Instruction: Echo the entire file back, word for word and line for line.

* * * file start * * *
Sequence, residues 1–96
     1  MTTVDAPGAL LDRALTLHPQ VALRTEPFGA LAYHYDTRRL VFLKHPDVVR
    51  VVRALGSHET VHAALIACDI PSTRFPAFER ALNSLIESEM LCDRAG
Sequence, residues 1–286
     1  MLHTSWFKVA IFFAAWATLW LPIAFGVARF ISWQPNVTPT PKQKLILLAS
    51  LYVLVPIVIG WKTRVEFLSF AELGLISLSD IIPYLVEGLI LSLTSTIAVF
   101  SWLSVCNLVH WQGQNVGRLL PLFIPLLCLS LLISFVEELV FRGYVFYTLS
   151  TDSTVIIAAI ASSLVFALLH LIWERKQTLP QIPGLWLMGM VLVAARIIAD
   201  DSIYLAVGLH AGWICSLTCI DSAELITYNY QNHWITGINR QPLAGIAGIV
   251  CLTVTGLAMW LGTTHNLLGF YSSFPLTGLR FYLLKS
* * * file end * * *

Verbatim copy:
Sequence, residues 1–96
     1  MTTVDAPGAL LDRALTLHPQ VALRTEPFGA LAYHYDTRRL VFLKHPDVVR
    51  VVRALGSHET VHAALIACDI PSTRFPAFER ALNSLIESEM LCDRAG
Sequence, residues 1–286
     1  MLHTSWFKVA IFFAAWATLW LPIAFGVARF ISWQPNVTPT PKQKLILLAS
    51  LYVLVPIVIG WKTRVEFLSF AELGLISLSD IIPYLVEGLI LSLTSTIAVF
   101  SWLSVCNLVH WQGQNVGRLL PLFIPLLCLS LLISFVEELV FRGYVFYTLS
   151  TDSTVIIAAI ASSLVFALLH LIWERKQTLP QIPGLWLMGM VLVAARIIAD
   201  DSIYLAVGLH AGWICSLTCI DSAELITYNY QNHWITGINR QPLAGIAGIV
   251  CLTVTGLAMW LGTTHNLLGF YSSFPLTGLR FYLLKS